post #37 of 57
Quote:
Originally Posted by fourlittlebirds View Post
I'm certainly not supporting promotion through putting others down. What I am saying is that I don't see that it has to be interpreted that way.
And I don't think that unschoolers are supporting promotion through putting others down. I'm pointing out that if everyone is feeling put down by that kind of promotion, maybe the promotion should be rethought. (Although I would heavily emphasize the "maybe." I also tend to think that if I'm offended by something, I should take a closer look and see if I'm feeling attacked because of my own insecurities or dissatisfaction with how I'm doing things.)

And re: homicidal kangaroos... I do get your point. I guess it's a matter of how you interpret his tone. If the author is saying "people tend to think unschoolers are stupid farmers, but I'm neither, this is what I am" then yes, he's saying that it's the people making assumptions that are connecting farmers and stupidity. But if he's saying "I'm not some stupid farmer," that sounds to me like he is agreeing with them in categorizing farmers as stupid.
post #38 of 57
Quote:
Originally Posted by Brisen View Post
OK, but you're saying in a) that people who ostensibly learn about the world without actually being in it don't actually learn much at all,
Well, yes, that's a true statement simply because "they ostensibly learn" and "they don't learn much at all" are essentially the same thing (and yes I see that my statement that you're referring to was repetitive and could have been better worded, sorry.) But it's not what I said. What I said was that a person could waste years "learning" when learning isn't really happening, and one reason that this can happen is if it is removed from the world (i.e., it is devoid of context and not relevant to me as I relate to the world.) In other words, it is possible. As an unschooler (i.e., I am not made to learn anything, therefore there is not the possibility that I will be made to learn something that is not relevant and contextual) that's not a concern for me. It is, on the other hand, a possibility when learning is being imposed from without. That doesn't however mean that it WILL happen in all homeschooling situations. Therefore, a) and b) but not necessarily c).

Quote:
and in your summary at the end you say that other methods of schooling (meaning anything but unschooling, I assume) have different goals, so that makes a) (which includes not learning much of anything) OK.
Not at all. First I said that c) does not necessarily follow from a) and b). Then I elaborated on what I think about c). (I understand though that my train of thought there isn't obvious, sorry.) In fact, I don't believe that it's okay to be "learning" without really learning. That *is* a waste of time. But I don't think all homeschooling is "learning" without really learning. My choice to unschool is certainly not about some misconception that my children wouldn't learn anything if we were to homeschool!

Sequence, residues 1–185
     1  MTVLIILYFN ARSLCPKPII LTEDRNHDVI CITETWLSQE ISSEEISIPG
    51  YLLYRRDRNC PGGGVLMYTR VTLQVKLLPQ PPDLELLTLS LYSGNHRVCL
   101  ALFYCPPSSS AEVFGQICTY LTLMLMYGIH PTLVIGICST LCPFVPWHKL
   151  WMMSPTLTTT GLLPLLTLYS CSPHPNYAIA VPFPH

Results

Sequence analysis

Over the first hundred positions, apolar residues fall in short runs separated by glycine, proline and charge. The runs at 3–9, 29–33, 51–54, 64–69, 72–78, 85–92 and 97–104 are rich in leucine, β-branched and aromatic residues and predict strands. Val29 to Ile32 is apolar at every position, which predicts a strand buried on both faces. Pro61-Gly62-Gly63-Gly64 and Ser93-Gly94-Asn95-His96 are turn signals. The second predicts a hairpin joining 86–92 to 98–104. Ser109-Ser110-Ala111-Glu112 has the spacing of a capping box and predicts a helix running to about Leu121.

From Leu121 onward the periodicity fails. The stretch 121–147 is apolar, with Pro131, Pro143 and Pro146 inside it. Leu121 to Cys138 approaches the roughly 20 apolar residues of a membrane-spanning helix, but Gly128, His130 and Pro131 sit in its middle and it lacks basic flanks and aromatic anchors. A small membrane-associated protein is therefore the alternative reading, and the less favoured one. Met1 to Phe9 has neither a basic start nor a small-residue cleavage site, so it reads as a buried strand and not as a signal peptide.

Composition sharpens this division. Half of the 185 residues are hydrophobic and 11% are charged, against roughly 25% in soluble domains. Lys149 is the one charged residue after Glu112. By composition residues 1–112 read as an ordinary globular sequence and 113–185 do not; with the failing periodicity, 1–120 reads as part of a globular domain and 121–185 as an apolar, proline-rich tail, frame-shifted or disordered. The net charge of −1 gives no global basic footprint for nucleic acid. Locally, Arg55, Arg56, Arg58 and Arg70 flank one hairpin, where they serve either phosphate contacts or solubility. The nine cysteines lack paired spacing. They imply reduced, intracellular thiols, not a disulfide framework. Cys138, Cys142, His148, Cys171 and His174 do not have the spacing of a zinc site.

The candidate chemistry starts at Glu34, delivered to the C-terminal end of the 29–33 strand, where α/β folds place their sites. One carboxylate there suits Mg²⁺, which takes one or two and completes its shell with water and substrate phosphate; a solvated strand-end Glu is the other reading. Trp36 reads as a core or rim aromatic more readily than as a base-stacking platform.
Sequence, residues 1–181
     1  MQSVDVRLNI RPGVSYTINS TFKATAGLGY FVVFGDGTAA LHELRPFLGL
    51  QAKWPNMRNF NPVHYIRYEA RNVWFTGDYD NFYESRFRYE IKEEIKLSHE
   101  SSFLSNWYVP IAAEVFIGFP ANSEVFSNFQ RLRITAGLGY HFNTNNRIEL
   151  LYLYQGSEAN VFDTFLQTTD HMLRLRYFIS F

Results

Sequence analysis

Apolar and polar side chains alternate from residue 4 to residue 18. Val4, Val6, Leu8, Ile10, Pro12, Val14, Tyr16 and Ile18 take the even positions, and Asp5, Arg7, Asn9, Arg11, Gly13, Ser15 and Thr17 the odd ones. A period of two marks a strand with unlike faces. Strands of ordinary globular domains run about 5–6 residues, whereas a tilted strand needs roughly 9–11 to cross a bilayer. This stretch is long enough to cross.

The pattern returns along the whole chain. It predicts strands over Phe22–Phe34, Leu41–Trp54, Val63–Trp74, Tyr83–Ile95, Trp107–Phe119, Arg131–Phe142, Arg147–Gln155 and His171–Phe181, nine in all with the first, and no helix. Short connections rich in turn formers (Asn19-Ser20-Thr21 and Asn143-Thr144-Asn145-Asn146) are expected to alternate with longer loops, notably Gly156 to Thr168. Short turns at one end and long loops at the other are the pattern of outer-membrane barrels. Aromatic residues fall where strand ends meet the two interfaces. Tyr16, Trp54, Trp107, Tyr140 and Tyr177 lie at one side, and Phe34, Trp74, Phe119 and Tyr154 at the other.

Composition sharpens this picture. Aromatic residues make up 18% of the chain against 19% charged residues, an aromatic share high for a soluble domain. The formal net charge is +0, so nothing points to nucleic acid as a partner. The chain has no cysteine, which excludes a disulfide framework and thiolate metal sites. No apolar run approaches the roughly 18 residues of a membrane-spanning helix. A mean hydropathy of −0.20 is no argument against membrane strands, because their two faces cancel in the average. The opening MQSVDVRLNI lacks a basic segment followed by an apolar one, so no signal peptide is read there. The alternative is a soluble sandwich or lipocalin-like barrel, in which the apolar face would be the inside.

post #39 of 57
Quote:
Originally Posted by Brisen View Post
I guess it's a matter of how you interpret his tone.
Yes. Part of what tipped me toward my interpretation was my own understanding of unschooling and my perception of myself as an unschooler. But also the self-aggrandizement which I thought was very funny in a mock-hubris sort of way. Again, though, that's from my vantage point as an unschooler. Given that, my interpretation makes sense; the other didn't even occur to me until I started reading through this thread.
post #40 of 57
Quote:
Originally Posted by Brisen View Post
Quote:
Originally Posted by fourlittlebirds
as an unschooler I am free to devote all my learning time to living, and the world around me, and that which I choose to surround myself with specifically because it is useful or enjoyable or relevant to me. Whatever time I spend learning will therefore not be wasted time, because my learning is chosen by *me* for these most valid reasons. I do not have to waste time learning about things that I am not ready for or that are not important to me just because someone else has decided that they should be important to me.
I could say the same thing, but substitute "as a homeschooler" for "as an unschooler." I don't consider myself an unschooler, but all of the above is true for my family. I do introduce things to my kids, but they never waste time learning things they aren't ready for. We drop it and move on to something else if that happens.
Sure. And it doesn't invalidate the point I was trying to make.

I would argue, though, that while *you* may not be an unschooler, your daughter is if she has that freedom and uses it. Someone can try to impose on me their ideas about how and what I should learn, and I might even agree sometimes, but if I have the freedom to say "no" and make my own choices, then I am an unschooler. Unschoolers go to college and take classes of all kinds after all. There's a misperception that unschooling is inherently nonacademic and autodidactic. But the point of unschooling is not that you never take instruction from anyone, nor that you never give instruction. It's that the unschooler realizes that she is the ultimate authority on herself and has the freedom to choose what is important to her and how and when she approaches it.